And if you’re considering a remodel — and your home was last built or remodeled before 1978 — consider testing for lead paint and asbestos flooring. It will have to handled properly during removal, or particles can be released into the air for you to ingest.

3: Shrink your bills (and your carbon footprint in the process)

When people think of going green, they often think it takes solar panels or a hybrid car to make a difference.

Not so, says Bob Schildgen, who writes the “Hey Mr. Green” column for Sierra magazine. It just takes a little old-fashioned common sense.

The best place to start is by cutting your energy usage in your home:

  • Remember your mom’s advice and switch off the lights when you leave a room.
  • Turn off your air conditioner when you leave the house and dial your heater down to 55 degrees at night.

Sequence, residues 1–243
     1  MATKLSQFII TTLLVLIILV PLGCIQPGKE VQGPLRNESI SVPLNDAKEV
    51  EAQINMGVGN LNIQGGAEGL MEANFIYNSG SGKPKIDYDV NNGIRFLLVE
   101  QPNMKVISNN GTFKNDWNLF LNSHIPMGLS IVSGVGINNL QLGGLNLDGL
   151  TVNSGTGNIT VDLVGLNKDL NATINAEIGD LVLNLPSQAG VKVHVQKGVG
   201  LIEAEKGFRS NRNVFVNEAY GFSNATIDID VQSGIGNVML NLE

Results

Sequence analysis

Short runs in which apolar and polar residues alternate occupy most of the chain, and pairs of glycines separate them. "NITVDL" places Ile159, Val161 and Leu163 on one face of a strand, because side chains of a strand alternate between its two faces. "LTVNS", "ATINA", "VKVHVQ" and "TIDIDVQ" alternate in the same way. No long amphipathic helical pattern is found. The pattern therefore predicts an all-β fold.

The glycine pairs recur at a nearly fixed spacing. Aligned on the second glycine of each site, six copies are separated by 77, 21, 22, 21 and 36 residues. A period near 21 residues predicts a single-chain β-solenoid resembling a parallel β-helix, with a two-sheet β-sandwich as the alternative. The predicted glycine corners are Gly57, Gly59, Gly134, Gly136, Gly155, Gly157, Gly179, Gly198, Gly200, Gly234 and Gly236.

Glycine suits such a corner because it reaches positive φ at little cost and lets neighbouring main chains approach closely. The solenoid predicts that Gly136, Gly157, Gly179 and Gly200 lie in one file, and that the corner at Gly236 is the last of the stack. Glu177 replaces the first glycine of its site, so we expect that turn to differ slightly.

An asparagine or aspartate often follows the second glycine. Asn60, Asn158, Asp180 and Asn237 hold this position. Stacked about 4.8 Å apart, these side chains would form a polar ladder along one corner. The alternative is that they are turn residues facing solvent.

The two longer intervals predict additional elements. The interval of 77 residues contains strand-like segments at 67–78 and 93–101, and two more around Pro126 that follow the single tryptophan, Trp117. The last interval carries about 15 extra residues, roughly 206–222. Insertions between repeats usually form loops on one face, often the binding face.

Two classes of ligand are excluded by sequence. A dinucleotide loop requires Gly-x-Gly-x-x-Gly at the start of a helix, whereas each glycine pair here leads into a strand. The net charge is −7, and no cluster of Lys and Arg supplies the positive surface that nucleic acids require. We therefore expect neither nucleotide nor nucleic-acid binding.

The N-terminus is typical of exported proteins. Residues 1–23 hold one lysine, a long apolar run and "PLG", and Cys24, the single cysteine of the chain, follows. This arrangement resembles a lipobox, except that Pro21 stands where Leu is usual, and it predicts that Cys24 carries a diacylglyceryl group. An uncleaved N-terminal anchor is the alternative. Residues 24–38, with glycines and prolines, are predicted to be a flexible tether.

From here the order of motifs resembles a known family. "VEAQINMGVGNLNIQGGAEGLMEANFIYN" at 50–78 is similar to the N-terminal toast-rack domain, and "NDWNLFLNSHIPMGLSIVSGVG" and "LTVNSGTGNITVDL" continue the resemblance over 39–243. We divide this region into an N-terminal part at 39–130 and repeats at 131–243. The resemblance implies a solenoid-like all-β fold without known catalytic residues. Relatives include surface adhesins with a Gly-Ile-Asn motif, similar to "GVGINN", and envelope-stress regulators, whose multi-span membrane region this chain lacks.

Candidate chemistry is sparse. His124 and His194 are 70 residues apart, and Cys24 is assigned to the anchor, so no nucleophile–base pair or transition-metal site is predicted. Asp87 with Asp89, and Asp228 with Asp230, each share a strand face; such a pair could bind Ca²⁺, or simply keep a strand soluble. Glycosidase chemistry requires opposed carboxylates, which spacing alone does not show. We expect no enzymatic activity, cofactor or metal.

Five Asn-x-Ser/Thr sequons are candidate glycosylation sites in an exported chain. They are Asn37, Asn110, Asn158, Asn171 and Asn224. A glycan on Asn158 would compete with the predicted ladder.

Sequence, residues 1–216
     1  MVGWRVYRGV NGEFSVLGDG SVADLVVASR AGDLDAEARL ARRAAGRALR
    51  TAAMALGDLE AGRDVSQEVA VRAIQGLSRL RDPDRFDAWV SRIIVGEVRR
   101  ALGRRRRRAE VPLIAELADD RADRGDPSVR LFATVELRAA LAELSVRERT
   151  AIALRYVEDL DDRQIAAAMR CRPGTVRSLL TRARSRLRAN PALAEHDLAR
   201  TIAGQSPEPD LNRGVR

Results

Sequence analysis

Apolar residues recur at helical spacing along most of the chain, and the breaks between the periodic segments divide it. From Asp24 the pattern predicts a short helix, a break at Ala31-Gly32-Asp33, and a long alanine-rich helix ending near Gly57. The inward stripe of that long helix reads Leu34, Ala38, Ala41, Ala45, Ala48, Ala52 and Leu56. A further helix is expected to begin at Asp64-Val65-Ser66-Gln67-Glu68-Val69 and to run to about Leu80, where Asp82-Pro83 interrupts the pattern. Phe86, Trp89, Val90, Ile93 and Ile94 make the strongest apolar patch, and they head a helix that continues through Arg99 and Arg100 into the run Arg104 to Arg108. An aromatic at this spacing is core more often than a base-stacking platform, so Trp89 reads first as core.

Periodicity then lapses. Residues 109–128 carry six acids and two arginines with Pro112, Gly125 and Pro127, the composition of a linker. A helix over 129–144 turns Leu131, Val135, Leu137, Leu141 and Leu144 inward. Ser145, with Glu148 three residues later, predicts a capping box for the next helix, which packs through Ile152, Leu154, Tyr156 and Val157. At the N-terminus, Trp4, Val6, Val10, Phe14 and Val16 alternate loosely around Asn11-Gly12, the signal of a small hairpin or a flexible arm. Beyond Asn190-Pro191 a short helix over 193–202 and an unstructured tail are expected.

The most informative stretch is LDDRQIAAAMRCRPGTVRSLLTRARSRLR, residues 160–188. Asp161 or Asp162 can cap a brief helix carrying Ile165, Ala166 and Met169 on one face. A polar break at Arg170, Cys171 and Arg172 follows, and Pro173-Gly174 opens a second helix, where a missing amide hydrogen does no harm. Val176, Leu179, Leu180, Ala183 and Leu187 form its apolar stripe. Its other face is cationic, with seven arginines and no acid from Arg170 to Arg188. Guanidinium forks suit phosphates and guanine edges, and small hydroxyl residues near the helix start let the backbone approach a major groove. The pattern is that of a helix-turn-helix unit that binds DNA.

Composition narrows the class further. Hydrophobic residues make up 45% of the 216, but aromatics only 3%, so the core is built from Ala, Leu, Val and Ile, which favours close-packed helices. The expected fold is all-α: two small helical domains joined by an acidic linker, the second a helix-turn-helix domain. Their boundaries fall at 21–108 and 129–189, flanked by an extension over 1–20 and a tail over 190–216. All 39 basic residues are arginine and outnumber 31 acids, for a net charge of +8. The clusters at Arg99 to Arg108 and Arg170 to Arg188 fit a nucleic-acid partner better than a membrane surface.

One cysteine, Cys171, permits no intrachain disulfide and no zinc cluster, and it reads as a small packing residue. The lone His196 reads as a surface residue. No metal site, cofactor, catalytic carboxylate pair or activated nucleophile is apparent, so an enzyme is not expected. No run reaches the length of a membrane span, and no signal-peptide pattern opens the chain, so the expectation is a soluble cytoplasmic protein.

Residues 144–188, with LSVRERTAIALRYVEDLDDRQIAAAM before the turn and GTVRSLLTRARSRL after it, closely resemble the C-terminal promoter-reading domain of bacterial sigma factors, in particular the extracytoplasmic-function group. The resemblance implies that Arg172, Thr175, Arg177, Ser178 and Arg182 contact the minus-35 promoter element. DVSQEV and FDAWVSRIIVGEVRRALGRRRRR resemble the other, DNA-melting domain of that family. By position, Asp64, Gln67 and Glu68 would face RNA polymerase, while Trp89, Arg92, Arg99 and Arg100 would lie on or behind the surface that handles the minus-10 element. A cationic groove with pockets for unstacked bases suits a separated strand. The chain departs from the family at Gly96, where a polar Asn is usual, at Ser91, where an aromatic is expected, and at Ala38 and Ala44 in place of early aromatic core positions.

• Install compact fluorescent bulbs and low-flow showerheads.
  • Try drying some of your clothes on the line and wait for the dishwasher or washing machine to be full before you run them.
  • Turn off your power strips and/or set your home computer to revert to sleep mode when not in use.
  • Water your yard less. Put in drought-tolerant landscaping if necessary.
  • Give composting a try. Your garden will thank you.

4: Work out a weekly system for keeping your house clean

Cleaning with Scrub Brush

Here are a few tips for keeping the mess under control from Jeff Campbell, author of the book Speed Cleaning and owner of the Clean Team housekeeping service in San Francisco.

Daily: Dishes go in the dishwasher every night – no excuses! Dirty clothes go in the hamper and jackets or clean clothes are hung in the closet. Bring everything back to its assigned place.